Table 1 summarizes the history of intravitreal triamcinolone injections at risk for a silicone oil event, and the silicone oil droplet exposure of all SCORE Study participants who received such injections. Important to understanding changes in the risk of intravitreal silicone oil is the date the Data Coordinating Center first warned SCORE clinical centers about the possibility of intravitreal silicone oil (September 22, 2006) and the date of the switchover from the staked-on syringe to the luer cone syringes (October 31, 2007). Each row of Table 1 depicts a history of at-risk injections for a particular cohort relative to these dates, with the number of participants in the cohort specified in column 6. Rows in which column 4 is “Y” represent at-risk injections that culminated in a silicone oil event. Because investigators were instructed to report only the first silicone oil event for each participant, there is exactly one silicone oil event in Table 1 for each participant in such a row. Injections occurring after oil events are not shown. Rows in which column 4 is “N” depict all injections that did not terminate in an oil event. Numbers in column 10 represent the average of number of visits after the last injection in which the SCORE Study physician might have reported an oil event.
Row (1) of Table 1 represents 90 SCORE Study participants, all of whose 174 injections occurred before the warning date, and did not culminate in a silicone oil event. Column 10 shows that, on average, there were 5.6 visits after the last injection and also after the warning date in the cohort depicted in row (1), during which an already-alerted physician might have had an opportunity to observe and report intravitreal silicone oil (if it was there), but did not. Row (2) represents 26 participants, all of whose 61 injections occurred before the warning date and culminated in 26 silicone oil events. Column 10 shows that, on average, there were 2.5 visits that occurred after the last injection and also after the warning date, but at or before the time of the report of the silicone oil event (inclusive). That is, among the participants of row (2), there were 2.5 visits that were “at risk” for reporting a silicone oil event. Thus, column 10 depicts the time from injection to report in cases with an oil event, but time from injection to participant termination/database closure in cases without an oil event. When there are oil events, column 10 gives an idea of the shortest possible waiting times from event to report; these waiting times could in reality have been longer, because the oil events might actually have happened before their imputed event dates. When there are no reported oil events, a greater number in column 10 makes the absence of oil events more credible. Other rows in Table 1 are interpreted similarly.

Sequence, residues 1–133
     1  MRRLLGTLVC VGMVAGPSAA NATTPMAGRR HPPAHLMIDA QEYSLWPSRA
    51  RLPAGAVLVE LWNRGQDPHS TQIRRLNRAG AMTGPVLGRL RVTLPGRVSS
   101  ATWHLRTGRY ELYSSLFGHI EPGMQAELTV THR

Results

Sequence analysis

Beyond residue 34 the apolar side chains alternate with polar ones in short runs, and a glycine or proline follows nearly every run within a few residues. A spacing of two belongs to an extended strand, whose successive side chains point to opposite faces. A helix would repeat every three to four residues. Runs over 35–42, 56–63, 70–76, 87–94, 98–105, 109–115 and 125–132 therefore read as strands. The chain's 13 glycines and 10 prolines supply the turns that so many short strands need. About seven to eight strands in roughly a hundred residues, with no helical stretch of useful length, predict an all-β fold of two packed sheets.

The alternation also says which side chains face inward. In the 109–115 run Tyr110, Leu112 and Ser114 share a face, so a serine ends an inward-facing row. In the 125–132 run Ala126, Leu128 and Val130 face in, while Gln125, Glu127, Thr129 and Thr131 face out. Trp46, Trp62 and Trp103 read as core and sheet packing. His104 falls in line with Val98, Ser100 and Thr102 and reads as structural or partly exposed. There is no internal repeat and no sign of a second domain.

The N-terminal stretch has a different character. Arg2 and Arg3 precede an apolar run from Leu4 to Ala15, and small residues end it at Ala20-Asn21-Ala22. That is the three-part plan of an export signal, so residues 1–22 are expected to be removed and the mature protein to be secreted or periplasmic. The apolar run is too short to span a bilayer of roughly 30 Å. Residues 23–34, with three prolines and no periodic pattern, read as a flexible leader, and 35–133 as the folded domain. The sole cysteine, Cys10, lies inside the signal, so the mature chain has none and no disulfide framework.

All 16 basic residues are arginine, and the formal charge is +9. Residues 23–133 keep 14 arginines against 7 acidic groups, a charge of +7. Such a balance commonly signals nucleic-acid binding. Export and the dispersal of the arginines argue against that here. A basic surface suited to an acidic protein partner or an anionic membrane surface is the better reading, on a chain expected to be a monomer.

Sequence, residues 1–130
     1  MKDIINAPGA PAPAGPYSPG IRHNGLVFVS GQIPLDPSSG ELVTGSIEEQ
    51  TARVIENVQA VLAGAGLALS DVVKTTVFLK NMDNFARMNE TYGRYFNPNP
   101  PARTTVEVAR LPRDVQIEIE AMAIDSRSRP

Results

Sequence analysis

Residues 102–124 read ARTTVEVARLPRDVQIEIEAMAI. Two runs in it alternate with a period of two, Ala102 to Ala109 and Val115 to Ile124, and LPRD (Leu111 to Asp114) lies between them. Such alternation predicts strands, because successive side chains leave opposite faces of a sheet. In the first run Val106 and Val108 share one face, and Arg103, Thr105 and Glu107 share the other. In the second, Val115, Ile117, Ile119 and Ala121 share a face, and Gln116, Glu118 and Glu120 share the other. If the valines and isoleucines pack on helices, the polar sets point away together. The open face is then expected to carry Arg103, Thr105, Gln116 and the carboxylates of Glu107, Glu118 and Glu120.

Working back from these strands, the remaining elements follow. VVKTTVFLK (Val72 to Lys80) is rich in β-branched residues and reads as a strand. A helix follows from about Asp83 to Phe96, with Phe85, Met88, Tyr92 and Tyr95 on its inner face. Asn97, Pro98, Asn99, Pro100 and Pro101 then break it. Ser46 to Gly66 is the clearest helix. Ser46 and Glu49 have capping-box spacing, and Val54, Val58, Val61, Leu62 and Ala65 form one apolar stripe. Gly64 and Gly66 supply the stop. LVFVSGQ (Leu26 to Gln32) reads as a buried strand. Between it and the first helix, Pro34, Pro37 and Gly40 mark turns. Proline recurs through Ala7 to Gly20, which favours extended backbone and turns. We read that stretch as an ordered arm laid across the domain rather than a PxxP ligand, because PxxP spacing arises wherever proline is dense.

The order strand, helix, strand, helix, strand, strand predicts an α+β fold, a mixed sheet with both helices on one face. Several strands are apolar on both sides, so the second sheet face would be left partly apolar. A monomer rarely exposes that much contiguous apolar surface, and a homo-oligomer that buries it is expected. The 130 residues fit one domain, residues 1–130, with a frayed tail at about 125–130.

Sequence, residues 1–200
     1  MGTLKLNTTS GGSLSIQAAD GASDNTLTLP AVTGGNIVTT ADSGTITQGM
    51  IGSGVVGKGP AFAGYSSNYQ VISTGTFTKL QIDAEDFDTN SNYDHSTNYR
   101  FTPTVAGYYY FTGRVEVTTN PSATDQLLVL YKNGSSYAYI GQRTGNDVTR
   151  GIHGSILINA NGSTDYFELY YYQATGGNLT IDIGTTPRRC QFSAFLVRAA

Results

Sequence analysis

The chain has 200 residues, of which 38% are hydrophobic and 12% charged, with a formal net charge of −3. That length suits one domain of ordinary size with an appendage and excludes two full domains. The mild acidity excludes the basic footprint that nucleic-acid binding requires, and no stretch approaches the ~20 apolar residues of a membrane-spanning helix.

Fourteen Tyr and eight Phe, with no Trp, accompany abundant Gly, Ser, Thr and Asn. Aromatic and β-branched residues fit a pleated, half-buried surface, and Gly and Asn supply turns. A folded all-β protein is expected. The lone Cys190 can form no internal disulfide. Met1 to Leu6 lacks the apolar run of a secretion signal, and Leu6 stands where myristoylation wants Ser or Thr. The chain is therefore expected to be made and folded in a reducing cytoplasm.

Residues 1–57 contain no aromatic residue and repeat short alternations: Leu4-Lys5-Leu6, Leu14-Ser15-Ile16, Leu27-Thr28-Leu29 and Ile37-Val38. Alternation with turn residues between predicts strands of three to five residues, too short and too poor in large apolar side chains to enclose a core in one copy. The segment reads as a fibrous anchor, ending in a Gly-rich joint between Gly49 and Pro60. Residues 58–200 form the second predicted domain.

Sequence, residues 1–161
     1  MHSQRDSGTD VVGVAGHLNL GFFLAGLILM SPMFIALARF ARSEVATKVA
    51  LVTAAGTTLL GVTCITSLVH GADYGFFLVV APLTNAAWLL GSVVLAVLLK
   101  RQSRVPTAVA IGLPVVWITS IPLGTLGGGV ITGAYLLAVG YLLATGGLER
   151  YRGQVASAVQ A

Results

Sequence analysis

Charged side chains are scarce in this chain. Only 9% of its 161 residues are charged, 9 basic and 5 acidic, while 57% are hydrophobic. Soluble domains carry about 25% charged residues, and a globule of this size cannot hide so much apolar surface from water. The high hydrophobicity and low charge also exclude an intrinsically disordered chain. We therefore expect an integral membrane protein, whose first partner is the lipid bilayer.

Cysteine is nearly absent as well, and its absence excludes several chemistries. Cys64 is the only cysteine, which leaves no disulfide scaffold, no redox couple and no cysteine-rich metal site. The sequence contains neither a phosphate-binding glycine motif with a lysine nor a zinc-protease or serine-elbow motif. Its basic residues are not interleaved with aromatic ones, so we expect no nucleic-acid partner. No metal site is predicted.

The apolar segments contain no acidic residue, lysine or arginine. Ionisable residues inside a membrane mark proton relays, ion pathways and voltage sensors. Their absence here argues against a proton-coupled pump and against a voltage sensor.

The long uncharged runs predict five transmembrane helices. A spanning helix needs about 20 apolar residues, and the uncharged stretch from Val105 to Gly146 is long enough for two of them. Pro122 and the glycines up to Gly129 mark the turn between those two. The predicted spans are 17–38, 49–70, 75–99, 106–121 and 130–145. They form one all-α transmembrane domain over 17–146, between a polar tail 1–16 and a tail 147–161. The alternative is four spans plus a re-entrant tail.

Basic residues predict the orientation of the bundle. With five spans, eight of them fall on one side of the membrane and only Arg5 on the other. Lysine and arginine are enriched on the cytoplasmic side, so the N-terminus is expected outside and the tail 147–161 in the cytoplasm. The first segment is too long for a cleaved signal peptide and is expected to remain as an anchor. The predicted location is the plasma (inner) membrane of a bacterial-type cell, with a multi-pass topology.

For cohorts of participants depicted in Table 1 whose last injection culminated in a silicone oil event, there were an average of 1.9 to 3.0 subsequent visits necessary to identify the intravitreal silicone oil. For participants without a silicone oil event, “Mean Post-Injection Visits” ranged from 4.3 to 7.1 visits. As expected, “Mean Post Injection Visits” are more numerous when there are no oil events. There were 319 participants exposed only to the staked-on syringes (Table 1: Rows 1–4,7, and 8). Intravitreal silicone oil was noted in 141 (44%) of these participants. Intravitreal silicone oil droplets were noted in 11 (13%) of the 87 participants exposed to both the staked-on and luer cone syringes (Rows 5, 6, 9, and 10). In this cohort, exposed to both types of syringes, we cannot determine whether the intravitreal silicone oil came from injections before or after switchover to the new syringe, although the intravitreal silicone oil was reported after the switch date. None of the 58 participants who were exposed only to the luer cone syringes (Row 11) reported intravitreal silicone oil; there were 136 injections in these participants.
Table 2 reports p-values from log-rank tests comparing time until oil events between selected cohorts within selected strata. The log-rank test comparing 3 cohorts of participants (staked-on only, luer cone only, and exposure to both staked-on and luer cone syringe designs) was significant at p<0.0001, as were log-rank tests comparing “staked-on only” to either “luer cone only” or “both staked-on and luer cone”. The log-rank test comparing “both staked-on and luer cone syringe” to “luer cone only”, however, was not significant (p=0.06). This pattern of significant and non-significant results held for log-rank tests within the following strata: participants in the SCORE-BRVO trial only, participants in the SCORE CRVO trial only, 1 mg injections only, and 4 mg injections only.
With respect to the “warned, staked-only” cohort (Table 1, rows 7–8), the log-rank test revealed no significant difference in waiting times between disease groups (p=0.70), or 1 mg versus 4 mg treatment groups (p=0.07). Of the injections with the luer cone syringe design, the investigators chose the 27-gauge needle 54% of the time and the 30-gauge needle 46% of the time.